Since its initial public offering (IPO), South Korean e-commerce giant Coupang (NYSE:CPNG) is wavering. CPNG stock is reacting to bullish and bearish analyst ratings. Valuations are unfavorable, too. The company priced its IPO at $35, well above the initial $27-$30 level.
Investors may only count on SoftBank’s bullishness to justify the company’s current price. Is the e-commerce growth potential enough to justify the expectations of a higher share price from here?
CPNG Stock Wavers
Since its IPO, Coupang shares cycled between $42 – $46. Analyst ratings are adding to the stock’s volatility. For example, all but one analyst initiated coverage on Coupang with a “Hold” rating, per Tipranks. Only Goldman Sachs (NYSE:GS) stood out with a “Buy” rating and a $62 price target. The average price target is $50.50.
Loaded with plenty of cash from the IPO, Coupang put the money to good use. It sought to hire senior executives in Singapore to expand its business. The hiring of management, not working-level staff, will give Coupang the leadership it needs to grow. On the other hand, adding a management layer will not pay off if the company is not increasing its headcount.
Coupang’s expansion outside of its home territory – South Korea – is another risky proposition. Singapore may have an entirely different customer base with varying purchasing patterns. Coupang may end up spending more resources but fail to grow in the region.
Softbank’s support for Coupang will give shareholders the confidence needed to accumulating shares. In South Korea, the market is small. Coupang offers same-day delivery without issue. But as a small region, growth may eventually stagnate.
Coupang’s expansion mitigates the risk of relying on South Korea alone for growth. The firm faces no competition from Chinese firms. JD.com (NASDAQ:JD) and Alibaba (NYSE:BABA) are busy protecting their domestic market share. So, Coupang only needs to sustain its competitive moat with local competitors. GMarket is one of such competitors.
Amazon.com (NASDAQ:AMZN) is no threat to Coupang. In 10 years, the firm became the top online retailer. CNBC rated the company second on the 2020 Disruptor 50 list. With that lead, Amazon will not likely catch up.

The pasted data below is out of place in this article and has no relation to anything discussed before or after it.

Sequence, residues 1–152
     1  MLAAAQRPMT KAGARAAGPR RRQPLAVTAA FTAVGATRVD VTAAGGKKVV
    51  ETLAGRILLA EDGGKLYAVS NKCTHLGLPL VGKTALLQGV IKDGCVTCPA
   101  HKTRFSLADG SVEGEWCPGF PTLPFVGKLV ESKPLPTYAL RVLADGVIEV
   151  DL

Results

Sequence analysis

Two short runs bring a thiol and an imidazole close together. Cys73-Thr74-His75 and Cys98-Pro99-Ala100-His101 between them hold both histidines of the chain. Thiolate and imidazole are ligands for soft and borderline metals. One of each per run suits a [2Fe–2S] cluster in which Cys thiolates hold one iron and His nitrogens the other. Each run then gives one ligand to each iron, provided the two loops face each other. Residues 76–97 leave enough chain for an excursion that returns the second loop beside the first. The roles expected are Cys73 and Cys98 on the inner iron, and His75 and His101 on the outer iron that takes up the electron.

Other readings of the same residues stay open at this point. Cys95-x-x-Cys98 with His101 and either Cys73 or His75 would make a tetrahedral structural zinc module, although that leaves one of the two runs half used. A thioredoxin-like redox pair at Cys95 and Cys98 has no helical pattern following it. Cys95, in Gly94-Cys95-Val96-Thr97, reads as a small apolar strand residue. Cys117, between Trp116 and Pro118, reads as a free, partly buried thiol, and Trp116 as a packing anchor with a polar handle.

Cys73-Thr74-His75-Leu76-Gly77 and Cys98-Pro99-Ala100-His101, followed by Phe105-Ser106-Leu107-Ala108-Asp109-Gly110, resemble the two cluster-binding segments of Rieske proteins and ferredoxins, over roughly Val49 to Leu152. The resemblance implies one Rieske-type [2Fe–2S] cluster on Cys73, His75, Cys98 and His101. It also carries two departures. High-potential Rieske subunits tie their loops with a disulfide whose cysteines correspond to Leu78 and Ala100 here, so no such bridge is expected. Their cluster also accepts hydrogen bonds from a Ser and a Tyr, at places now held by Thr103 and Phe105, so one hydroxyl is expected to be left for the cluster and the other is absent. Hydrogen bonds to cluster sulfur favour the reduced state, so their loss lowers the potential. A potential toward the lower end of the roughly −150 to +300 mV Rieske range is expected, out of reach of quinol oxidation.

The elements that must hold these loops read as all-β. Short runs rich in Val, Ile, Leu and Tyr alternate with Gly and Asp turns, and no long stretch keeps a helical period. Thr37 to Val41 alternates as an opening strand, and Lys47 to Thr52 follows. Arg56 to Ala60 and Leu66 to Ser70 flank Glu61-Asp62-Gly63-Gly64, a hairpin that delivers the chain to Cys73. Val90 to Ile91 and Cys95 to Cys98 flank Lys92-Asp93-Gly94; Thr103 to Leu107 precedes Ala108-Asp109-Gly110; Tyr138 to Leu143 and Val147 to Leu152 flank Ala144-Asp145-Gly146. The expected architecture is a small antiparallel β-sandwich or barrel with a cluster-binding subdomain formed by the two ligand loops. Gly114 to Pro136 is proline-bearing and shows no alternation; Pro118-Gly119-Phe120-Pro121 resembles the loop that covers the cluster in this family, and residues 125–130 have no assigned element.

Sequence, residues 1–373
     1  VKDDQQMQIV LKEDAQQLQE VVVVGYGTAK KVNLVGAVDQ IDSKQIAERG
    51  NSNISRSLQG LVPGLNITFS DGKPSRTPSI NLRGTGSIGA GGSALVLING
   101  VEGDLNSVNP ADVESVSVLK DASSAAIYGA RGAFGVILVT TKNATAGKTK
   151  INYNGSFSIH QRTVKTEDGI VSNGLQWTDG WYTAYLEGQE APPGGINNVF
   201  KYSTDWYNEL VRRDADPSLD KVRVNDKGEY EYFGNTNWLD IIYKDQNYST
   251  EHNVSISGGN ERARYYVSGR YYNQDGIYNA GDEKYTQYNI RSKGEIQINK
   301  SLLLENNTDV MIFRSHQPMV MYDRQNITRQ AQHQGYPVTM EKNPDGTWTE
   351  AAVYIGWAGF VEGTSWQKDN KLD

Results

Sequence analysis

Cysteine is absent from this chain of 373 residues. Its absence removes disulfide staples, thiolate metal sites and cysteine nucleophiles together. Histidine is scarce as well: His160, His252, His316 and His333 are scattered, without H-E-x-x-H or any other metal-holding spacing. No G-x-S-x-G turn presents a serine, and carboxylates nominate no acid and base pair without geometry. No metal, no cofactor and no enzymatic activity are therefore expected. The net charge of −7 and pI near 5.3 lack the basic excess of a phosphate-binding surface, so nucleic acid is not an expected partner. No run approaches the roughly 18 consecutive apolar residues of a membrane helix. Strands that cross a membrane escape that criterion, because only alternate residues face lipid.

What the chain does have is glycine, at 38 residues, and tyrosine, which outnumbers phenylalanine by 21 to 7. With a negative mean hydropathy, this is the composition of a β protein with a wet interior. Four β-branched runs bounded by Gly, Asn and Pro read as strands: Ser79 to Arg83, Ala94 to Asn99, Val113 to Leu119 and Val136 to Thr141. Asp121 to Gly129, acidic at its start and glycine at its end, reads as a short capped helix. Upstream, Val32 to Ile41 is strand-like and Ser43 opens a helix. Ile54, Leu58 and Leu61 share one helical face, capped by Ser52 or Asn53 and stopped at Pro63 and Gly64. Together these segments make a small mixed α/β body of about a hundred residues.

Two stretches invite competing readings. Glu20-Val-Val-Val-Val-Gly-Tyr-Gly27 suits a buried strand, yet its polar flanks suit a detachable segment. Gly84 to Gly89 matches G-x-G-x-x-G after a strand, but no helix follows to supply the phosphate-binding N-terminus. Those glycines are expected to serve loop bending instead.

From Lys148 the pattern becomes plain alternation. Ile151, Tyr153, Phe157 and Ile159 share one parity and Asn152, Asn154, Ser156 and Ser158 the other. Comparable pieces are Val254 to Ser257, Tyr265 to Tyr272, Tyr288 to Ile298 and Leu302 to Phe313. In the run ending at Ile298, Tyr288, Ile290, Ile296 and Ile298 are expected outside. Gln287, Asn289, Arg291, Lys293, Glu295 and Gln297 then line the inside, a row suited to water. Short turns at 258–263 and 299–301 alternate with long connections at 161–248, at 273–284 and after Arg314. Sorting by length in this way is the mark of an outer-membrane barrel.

Of the key characteristics of a stock – dividend, health, past, future, and value – Coupang scores high on prospects. SimplyWall.st praises the company for its forecasted earnings growth of 73.6% annually. Despite the strong prospects, the site believes the stock is worth $29.00.
In the chart above, CPNG shares do not have a good value or quality score. The low sentiment score reflects the stock’s recent drops and unconvincing rallies.
Investors seeing diversification away from e-commerce heavyweight Amazon.com may also consider Jumia Technologies (NYSE:JMIA). Markets treat the e-commerce company as the “Amazon of Africa.” Similarly, CPNG is the dominant “Amazon of South Korea.”
At current prices, CPNG is trading at a steep premium. The company has a market capitalization that is tiny compared to that of Amazon, but bigger than that of JMIA stock.
The stock chart indicates a “double bottom” at around $42, per finviz. This technical indicator suggests that the stock could rally for the short-term period. The medium-term stock price is still unknown. Investors cannot calculate a fair value until it posts quarterly results.
As a recent IPO, investors need to watch out for insider lockups putting pressure on CPNG’s stock price. Fortunately, the international expansion in the Asian region will put investor money tp work.
Cautious investors may consider Coupang’s willingness to expand outside of South Korea as a risk factor. The company is the number one e-retailer in the country but still needs to further consolidate its strength. It needs to bulk out operations by hiring more staff and mordernize its online infrastructure even more. Every edge it builds will solidify its lead in South Korea. From there, the company may scale up its business to the rest of Asia, including Singapore.
Disclosure: On the date of publication, Chris Lau did not have (either directly or indirectly) any positions in the securities mentioned in this article.
Chris Lau is a contributing author for InvestorPlace.com and numerous other financial sites. Chris has over 20 years of investing experience in the stock market and runs the Do-It-Yourself Value Investing Marketplace on Seeking Alpha. He shares his stock picks so readers get original insight that helps improve investment returns.